In a PNGO-organized workshop, representatives of civil society organizations emphasize on the need for developing education and vocational training


Representatives of various civil society organizations in the Gaza Strip emphasized on the need for developing education and vocational training by means of concentrated efforts among all relevant bodies, within a joint national committee.

The representatives' insight came during a workshop, held by PNGO, in Gaza city. In their view, a well-planned vocational training could meet the needs of local market at both the vocational and technical levels.

They also called for re-evaluating and upgrading all related syllabuses and programs in the field of vocational training as well as other sectors of education in the Gaza Strip.

For this purpose, they recommended creating a unified joint committee for all partners of the private sector, local universities, civil society organizations, laborers syndicates and education and vocational training experts.   

Dr. Raed Helles, a leading expert in Gaza, presented his own paperwork to the workshop in which he highlighted the need for reinforcing and promoting vocational training in the local community and attempting to change current negative community's outlook to such field of education, rather than the traditional academic education.

Helles's paperwork pointed out several other issues related to vocational training in the Gaza Strip, in relation with local market. His indicators included market challenges, faced by vocational training, across the Gaza Strip.

Director of PNGO in Gaza, Mr. Amjad Shawa, delivered a speech before participants, in which he asserted on what he believed to be increased numbers of labor force elements, compared with low demand for work in Gaza.  Shawa made clear that such a gap between the two has caused the Palestinian economy in Gaza not to meet local market needs, especially amidst rapid population growth.

PNGO's director also emphasized on the significance of vocational training, as a main component of labor force in Gaza, in a way that would meet local market needs for now and in the future.  

Shawa noted that despite the fact that Gaza Strip faces a heap of problems and challenges, vocational training remains able to meet local market needs. "Therefore, vocational training needs to be developed by all possible means", Shawa believed.

From his part, Programs Director within the German Friedrich-Ebert-Stiftung organization, Dr. Usama Antar, told participants that partnership with PNGOs for the current year, simulates the development of a set of indicators for a better future for the Gaza Strip.

Antar noted that promoting vocational training in the Gaza Strip would meet local market needs and expand educational opportunities, as well as exploit all available resources.

Helles's paper mentioned that economic and political circumstances in the Gaza Strip, over the past two decades, have contributed to higher rates of unemployment, which in turn overloaded the local labor market in Gaza.

According to the same paper, many years of Israel-imposed siege have also contributed to terrible economic conditions, crippled by an internal Palestinian political division. All these factors have made implementing economic developmental plans by consecutive Palestinian governments, difficult.

Helles also emphasized on the significance of education and vocational training, in a sense that both sectors would come up with a new generation of skillful people, who are capable of meeting local market needs.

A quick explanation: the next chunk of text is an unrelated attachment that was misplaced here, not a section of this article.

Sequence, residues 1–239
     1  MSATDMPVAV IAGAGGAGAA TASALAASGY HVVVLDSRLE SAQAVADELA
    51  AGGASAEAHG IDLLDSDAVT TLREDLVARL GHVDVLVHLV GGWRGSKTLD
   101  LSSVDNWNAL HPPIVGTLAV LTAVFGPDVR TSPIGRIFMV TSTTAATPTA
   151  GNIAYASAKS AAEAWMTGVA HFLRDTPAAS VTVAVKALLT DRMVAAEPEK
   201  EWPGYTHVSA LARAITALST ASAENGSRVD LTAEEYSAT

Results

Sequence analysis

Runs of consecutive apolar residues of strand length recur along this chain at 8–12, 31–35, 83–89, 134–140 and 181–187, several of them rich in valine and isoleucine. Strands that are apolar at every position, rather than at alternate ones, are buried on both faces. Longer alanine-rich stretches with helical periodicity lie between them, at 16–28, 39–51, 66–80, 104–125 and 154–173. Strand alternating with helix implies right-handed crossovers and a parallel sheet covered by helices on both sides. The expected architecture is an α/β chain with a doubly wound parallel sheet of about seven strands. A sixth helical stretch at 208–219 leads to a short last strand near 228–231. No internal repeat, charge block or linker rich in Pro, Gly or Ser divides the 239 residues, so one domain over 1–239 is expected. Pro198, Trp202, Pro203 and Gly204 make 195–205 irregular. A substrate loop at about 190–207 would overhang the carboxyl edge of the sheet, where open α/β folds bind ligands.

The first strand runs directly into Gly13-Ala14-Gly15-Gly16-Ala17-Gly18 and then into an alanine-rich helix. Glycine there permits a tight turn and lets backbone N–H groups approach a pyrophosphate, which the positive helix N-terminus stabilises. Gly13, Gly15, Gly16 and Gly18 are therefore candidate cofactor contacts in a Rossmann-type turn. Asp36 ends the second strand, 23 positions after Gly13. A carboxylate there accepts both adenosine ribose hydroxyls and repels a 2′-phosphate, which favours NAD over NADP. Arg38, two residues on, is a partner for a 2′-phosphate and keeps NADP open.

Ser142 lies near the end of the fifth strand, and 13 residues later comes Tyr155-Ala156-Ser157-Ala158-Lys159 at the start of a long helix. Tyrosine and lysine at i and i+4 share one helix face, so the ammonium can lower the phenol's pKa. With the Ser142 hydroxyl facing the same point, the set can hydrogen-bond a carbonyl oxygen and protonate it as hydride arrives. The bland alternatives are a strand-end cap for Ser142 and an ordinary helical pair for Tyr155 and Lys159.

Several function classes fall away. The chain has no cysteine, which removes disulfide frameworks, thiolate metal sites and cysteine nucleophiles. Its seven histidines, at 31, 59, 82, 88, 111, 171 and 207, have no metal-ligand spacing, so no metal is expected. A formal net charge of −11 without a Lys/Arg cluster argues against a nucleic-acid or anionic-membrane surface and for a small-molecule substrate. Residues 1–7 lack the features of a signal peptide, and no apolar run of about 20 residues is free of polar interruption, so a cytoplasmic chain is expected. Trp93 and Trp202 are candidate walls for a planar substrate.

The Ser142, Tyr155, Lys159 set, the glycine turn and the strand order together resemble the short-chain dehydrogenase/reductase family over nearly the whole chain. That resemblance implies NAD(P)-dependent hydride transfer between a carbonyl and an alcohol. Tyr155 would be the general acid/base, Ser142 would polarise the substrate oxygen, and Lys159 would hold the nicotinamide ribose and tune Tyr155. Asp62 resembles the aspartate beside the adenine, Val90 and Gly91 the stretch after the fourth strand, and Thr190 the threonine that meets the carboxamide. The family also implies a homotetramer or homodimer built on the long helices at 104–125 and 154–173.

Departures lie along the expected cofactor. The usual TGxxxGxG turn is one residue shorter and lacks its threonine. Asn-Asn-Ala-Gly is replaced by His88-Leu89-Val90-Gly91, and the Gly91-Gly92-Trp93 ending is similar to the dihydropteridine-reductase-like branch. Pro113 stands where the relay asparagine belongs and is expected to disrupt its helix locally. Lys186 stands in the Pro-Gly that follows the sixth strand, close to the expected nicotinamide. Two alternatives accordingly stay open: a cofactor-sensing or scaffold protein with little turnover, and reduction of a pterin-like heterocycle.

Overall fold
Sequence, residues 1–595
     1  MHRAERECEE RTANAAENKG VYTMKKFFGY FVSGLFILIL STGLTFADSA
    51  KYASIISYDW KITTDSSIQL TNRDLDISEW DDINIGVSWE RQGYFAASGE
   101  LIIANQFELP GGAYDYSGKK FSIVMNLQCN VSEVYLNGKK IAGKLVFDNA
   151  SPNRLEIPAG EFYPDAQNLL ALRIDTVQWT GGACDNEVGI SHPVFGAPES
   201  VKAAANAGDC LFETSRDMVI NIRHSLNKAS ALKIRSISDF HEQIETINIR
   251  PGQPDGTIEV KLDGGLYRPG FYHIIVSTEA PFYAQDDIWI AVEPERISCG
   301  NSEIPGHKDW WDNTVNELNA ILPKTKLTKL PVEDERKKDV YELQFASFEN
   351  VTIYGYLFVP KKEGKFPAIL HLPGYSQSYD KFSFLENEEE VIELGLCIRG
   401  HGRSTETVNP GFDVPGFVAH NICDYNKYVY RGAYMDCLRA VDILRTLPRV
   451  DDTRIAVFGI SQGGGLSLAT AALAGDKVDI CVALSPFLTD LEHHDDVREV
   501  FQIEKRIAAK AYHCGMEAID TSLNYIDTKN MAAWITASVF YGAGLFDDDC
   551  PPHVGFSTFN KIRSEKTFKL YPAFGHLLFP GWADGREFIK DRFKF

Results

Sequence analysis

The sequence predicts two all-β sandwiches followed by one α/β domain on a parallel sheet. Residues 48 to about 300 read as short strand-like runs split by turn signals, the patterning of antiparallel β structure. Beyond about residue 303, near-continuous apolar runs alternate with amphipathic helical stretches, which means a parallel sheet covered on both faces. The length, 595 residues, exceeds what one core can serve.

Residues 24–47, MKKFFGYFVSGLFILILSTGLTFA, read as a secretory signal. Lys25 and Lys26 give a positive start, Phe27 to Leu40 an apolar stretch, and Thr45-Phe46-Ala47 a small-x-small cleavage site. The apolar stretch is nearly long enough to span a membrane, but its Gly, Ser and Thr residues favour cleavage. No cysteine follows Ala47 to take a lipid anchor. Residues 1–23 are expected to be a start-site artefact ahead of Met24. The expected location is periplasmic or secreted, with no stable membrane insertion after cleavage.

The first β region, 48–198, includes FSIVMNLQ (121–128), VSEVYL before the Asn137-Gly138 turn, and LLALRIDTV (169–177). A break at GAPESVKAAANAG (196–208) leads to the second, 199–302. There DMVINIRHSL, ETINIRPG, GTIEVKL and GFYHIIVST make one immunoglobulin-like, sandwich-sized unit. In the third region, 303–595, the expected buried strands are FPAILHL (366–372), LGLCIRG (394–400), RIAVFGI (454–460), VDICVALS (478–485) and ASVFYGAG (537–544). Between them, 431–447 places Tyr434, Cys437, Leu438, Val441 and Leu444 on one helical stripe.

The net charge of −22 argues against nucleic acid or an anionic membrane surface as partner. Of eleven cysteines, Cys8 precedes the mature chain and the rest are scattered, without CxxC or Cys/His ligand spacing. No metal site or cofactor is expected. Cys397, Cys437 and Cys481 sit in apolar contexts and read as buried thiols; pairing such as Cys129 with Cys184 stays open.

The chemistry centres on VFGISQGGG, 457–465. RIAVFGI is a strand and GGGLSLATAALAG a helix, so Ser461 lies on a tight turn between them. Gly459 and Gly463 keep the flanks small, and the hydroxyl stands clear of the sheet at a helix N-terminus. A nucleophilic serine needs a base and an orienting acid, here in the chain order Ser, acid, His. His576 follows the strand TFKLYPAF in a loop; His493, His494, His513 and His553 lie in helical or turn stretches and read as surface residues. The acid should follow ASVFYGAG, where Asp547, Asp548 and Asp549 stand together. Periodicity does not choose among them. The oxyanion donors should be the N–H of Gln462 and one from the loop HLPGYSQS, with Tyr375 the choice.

In order to achieve a sustainable development in the community, Helles added that enabling vocational training generations to get training should be taken into account, and it would make a positive change towards meeting the requirements and needs of the local labor market and to achieve sustainable development to serve future generations.

The expert explained that the most significant challenges, faced by education and vocational training in Gaza's local market are the negative outlook by the local community; mainly preferring academic education to vocational training.

Among those challenges, according to Helles, is insufficient buildings and labs, needed for such a vocational training, in a way that creates shortage in related services or works, such as arts crafts.  

He also asserted on what he believed to be the significance of getting the private sector involved in planning for vocational training, based on the private sector's needs within the local market, in addition to promoting culture of vocational training among members of the local community.

Participants, along with Helles, agreed that a specialized committee, representing all possible categories of the local community, is of high importance for the best of programs and syllabuses, related to vocational training.

Helles, from his part, called for preparing some educational materials that would help promote the culture of vocational training in the local community.

Many participants in the workshop had many recommendations and notes to put up, among them were encouraging young generations in Gaza towards vocational training and preparing an entire plan for a possible infrastructure for vocational training including buildings, equipment and raw materials, to be all employed.

Last but not least, all participants called for a balanced relation between vocational training and both the local and private sector's markets, in a way that would guarantee working opportunities that help maintain sustainable economic and social development in the Gaza Strip.

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